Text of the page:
55 seconds!! 6 mentions of arthritis! And personal!
Because I made it personal and didn’t go into too much detail, nor talk about it for 30 minutes, nor confuse people with all the different types of arthritis I got the main points on the table. And hopefully because I made it personal people will ask me a follow up question, and that too needs to be short and concise. My rule with friends and family is we talk about health for no more than 15 minutes at a time. Anything longer and you have lost your audience and your impact.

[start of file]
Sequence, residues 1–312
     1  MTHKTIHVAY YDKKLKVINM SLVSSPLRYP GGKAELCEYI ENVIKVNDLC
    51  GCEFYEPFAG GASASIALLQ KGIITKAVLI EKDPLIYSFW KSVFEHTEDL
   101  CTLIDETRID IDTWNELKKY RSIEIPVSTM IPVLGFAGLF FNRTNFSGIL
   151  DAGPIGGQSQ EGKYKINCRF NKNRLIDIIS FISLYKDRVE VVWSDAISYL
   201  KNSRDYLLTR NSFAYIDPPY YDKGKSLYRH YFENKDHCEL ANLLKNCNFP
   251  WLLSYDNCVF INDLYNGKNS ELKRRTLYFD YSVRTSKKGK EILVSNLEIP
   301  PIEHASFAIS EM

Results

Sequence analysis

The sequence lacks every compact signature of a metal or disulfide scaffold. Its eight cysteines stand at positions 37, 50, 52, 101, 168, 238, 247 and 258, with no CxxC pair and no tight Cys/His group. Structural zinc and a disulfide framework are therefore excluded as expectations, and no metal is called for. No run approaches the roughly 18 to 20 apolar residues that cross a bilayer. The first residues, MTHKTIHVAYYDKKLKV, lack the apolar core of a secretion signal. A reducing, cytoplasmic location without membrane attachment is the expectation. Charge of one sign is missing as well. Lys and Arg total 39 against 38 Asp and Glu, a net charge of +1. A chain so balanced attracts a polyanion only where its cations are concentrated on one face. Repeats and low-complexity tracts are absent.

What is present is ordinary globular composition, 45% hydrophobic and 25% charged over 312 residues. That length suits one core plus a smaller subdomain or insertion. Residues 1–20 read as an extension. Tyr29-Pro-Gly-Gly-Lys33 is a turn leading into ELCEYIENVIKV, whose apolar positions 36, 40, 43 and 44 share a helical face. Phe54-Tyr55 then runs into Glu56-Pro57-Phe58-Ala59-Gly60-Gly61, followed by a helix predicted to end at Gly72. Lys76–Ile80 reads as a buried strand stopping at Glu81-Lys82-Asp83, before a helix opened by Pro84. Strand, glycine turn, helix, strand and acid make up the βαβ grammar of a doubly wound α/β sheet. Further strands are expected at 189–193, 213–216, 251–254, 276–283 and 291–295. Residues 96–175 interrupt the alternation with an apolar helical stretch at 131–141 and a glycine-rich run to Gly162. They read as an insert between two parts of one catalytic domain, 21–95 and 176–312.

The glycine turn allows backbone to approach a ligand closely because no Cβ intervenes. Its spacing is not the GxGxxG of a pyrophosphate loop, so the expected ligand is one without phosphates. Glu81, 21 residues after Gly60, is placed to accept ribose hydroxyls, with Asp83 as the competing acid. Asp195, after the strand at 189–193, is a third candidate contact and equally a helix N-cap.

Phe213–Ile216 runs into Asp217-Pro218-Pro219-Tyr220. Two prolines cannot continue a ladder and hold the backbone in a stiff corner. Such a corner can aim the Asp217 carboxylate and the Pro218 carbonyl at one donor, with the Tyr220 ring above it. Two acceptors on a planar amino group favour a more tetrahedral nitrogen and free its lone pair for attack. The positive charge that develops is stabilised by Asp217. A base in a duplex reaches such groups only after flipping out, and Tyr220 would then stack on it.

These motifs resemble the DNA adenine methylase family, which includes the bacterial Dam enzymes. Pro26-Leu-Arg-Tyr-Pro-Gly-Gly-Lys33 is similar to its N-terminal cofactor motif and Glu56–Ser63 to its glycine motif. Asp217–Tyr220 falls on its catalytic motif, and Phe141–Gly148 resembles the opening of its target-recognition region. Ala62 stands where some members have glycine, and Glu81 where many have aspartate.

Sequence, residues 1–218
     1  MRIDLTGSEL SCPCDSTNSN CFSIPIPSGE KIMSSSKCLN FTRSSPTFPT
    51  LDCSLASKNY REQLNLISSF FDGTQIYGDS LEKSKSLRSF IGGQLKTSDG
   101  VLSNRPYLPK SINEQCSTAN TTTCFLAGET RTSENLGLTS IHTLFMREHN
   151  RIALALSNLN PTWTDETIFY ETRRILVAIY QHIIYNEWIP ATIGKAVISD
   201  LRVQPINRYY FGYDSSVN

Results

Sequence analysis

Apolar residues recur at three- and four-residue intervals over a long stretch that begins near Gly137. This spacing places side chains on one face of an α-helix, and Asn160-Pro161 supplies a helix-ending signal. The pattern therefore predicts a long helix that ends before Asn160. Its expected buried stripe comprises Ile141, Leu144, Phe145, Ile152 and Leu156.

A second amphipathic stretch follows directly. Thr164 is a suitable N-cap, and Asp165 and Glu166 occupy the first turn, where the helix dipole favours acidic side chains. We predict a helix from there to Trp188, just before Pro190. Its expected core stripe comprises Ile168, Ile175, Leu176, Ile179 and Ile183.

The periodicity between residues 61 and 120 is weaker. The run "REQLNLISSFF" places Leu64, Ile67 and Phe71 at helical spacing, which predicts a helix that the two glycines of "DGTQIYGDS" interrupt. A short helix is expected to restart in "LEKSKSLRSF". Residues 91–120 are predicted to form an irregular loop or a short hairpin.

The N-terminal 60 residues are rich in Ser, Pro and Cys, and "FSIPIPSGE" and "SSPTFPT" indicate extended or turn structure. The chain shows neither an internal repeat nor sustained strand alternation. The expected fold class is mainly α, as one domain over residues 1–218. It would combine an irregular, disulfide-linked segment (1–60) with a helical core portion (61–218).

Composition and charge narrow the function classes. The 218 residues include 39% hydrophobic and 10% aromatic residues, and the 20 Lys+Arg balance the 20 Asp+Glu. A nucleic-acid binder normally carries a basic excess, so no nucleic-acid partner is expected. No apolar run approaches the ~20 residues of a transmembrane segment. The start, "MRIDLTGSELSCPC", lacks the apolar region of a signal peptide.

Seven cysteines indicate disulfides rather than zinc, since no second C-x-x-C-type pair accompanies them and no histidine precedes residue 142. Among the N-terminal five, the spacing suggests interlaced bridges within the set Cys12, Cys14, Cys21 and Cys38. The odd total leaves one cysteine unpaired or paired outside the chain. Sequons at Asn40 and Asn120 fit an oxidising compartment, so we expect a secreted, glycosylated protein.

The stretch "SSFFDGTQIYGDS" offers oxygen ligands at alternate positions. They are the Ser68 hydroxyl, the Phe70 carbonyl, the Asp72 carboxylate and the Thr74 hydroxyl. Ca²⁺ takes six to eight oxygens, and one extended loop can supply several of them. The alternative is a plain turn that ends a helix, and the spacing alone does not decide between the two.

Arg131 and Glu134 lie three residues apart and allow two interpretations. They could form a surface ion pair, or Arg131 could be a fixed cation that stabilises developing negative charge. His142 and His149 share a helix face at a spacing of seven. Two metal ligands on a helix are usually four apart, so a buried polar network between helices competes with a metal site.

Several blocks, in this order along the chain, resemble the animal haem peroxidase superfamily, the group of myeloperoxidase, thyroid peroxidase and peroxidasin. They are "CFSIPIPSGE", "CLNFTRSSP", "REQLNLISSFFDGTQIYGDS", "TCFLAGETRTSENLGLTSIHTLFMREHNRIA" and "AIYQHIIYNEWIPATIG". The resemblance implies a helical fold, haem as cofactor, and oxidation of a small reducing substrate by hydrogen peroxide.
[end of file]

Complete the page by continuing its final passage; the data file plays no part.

Is it easy to speak shorthand about something that invades and often devastates your life? No, there are so many stories and so many issues and so many types of arthritis and those of us with one form of the disease or another have a lot to say. And we want people who don’t understand, whether it is our legislatures on Capitol Hill, or a National TV program to listen, really listen and understand. The key to that is the shorter and more concise we can make our point, the more people will listen.
Understanding, compassion and most important, awareness for arthritis…with Speed Talking!